Some lawmakers, including Rep. Jeff Morris, D-Mount Vernon, said they would prefer to broaden the legislation to keep drones from operating around any threatened and endangered species. But no changes have been made so far, perhaps because the specific law being revised is focused entirely on the protection of killer whales.

The bill to protect orcas from drones passed the House last week on a vote of 67 to 31, with all Democrats in support of the legislation along with about a third of the House Republicans.

In the Senate, Democrats decided to take a broader approach to the issue of orca protection. Sen. Kevin Ranker, D-Orcas Island, introduced a bill to complement Gov. Jay Inslee’s proposed orca protection and restoration initiative.

The legislation, SB 6268, would more than double the number of marine patrols around the orcas, essentially protecting the animals from aggressive boaters and drone operators anytime the whales are in Puget Sound. Studies have shown that the mere presence of patrol boats leads to greater compliance with the rules, which are designed to allow the whales to find food more easily and to engage in more normal social interactions. The patrols also serve to educate boaters about how to act around the whales.

The cost for the nearly full-time patrols is estimated at about $475,000 per year. If the patrols help save the whales from extinction, it would allow a continuation of the multi-million-dollar tourism industry, not to mention the ecological importance of orcas and the joy that people experience when seeing whales.

Other provisions of the bill would require boaters to slow down to 7 knots anytime they come within 400 yards of a Southern Resident orca. Also included are proposed studies to see how human-generated noise affects the orcas, along with at least one meeting to better coordinate protection and recovery strategies between Washington state and British Columbia in Canada.

The Senate bill appeared to be sailing through the Legislature until Wednesday — the last day to approve bills that originated in the Senate. Democrats were anxious about approving two bills before the end of the day — one dealing with student debt and the other with basic education funding. They thought the so-called Orca Protection Act would be approved with barely a bump in the road.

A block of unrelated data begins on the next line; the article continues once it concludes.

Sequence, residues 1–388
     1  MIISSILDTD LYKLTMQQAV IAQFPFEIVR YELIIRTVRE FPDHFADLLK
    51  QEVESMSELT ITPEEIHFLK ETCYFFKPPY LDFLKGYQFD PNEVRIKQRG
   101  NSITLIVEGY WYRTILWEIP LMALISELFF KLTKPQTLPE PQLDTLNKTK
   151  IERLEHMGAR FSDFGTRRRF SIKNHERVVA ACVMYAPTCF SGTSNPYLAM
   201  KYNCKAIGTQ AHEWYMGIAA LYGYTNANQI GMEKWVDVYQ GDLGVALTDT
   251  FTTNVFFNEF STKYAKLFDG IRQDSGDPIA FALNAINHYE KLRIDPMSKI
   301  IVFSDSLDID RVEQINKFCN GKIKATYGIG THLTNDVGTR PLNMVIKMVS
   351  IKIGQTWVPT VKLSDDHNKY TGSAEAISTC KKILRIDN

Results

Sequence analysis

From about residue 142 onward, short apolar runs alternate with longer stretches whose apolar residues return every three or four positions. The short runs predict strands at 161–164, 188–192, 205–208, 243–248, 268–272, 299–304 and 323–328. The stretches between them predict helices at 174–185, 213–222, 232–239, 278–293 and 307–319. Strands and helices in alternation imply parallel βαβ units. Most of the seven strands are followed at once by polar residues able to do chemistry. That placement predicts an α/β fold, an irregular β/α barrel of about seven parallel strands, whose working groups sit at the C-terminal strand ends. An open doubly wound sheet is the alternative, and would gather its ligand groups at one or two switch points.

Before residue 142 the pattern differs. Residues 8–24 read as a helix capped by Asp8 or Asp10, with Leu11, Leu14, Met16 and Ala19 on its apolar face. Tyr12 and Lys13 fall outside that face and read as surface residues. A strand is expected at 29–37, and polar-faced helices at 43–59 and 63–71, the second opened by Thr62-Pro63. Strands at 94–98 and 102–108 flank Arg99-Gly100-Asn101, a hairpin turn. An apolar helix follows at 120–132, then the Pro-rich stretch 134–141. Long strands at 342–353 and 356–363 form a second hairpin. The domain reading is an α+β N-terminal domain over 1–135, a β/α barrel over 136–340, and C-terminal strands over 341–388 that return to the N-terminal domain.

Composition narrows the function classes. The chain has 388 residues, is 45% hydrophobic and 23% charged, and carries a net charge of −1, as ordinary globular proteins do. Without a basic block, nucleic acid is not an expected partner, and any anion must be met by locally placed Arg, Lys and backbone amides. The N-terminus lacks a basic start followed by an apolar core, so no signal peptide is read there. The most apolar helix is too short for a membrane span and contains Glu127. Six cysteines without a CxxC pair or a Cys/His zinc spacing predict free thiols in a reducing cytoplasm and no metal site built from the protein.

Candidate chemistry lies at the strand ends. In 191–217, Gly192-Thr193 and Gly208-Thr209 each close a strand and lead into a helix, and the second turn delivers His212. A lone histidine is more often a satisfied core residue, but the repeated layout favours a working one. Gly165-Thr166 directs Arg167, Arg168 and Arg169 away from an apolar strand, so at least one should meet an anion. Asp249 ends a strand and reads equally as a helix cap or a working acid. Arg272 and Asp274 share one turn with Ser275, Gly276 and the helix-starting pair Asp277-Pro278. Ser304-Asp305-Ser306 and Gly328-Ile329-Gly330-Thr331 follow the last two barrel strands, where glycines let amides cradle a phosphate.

The first amendment offered to the orca bill was the “ominously numbered amendment 666,” as Lt. Gov. Cyrus Habib dubbed it while calling on the amendment’s author, Sen. Jim Honeyford, R-Sunnyside. The hostile amendment would remove any prohibition against using drones around killer whales.

“The orcas are a really a big tourism attraction in the Puget Sound,” Honeyford told the chamber. “This would allow those tourists who have unmanned aircraft or drones or whatever you want to call them to be able to fly them. They are electric, and they are quiet, and they can take pictures. I believe it would be a great increase in tourism.”

With an eye toward the clock, the Democrats decided not to fight the amendment. They knew that the House bill was coming later to deal with drones, and they apparently hoped to get quick approval of the Orca Protection Act. After all, everyone was still speaking in favor of it.

As you can see in the video above, the Democrats were talking fast. But Republicans along with Sen. Tim Sheldon, a right-leaning Democrat from Hoodsport, appeared to be taking their time. Democrats finally gave up and pulled the bill, essentially killing it for this year.

The original bill to limit drones around the orcas, which originated in the House, is still alive after House passage. It is scheduled to be heard on Feb. 20 by the Senate Committee on Energy, Environment & Technology.

Some aspects of the Senate bill, such as the extra patrols around the orcas, could be implemented through the budget, according to Sen. Christine Rolfes, D-Bainbridge Island, who chairs the Senate Ways and Means Committee.

The House bill is titled, “Concerning the use of unmanned aerial systems near certain protected marine species.” That title does not leave much leeway to resuscitate the Senate bill by heavily amending the House bill, Sen. Rolfes told me.

Still, other efforts to protect the orcas could be accomplished with legislative funding of Gov. Inslee’s Southern Resident killer whale recovery program. He is seeking $3 million from the general fund for the next two years.

The governor’s proposal goes well beyond the idea of extra patrols around the whales. Included is increased hatchery production of chinook salmon, the orcas’ primary food; restoration of chinook salmon habitat in streams and estuaries; and steps to reduce seal and sea lion predation on chinook, which are also on the Endangered Species List.

Inslee’s budget proposal also calls for developing oil spill plans to help the orcas in an emergency, since many experts believe that an oil spill could drive the whales to extinction faster than any other problem they face.

“Funding orca recovery is an urgent issue that cannot wait another legislative session,” said Mindy Roberts, director of People for Puget Sound, a division of Washington Environmental Council. “Our region knows all too well the pressures the orcas face. They are starving because they don’t have enough salmon to feed on; toxics in their bodies are released when they go hungry; and vessels are interfering with their abilities to feed and communicate.”

As she told me in an email, “We will be looking for ways to provide emergency funding for short-term solutions identified in the bills that died and in the governor’s budget proposal.”

Washington officials build state’s case against offshore oil drilling

If oil companies were secretly interested in drilling off the Washington coast — which is doubtful — then I suspect that state and tribal officials scared them off yesterday.

It’s one thing for an oil company to sign a lease with the federal government. It’s quite another thing to go up against other sovereign governments determined to use every means to make the venture unprofitable.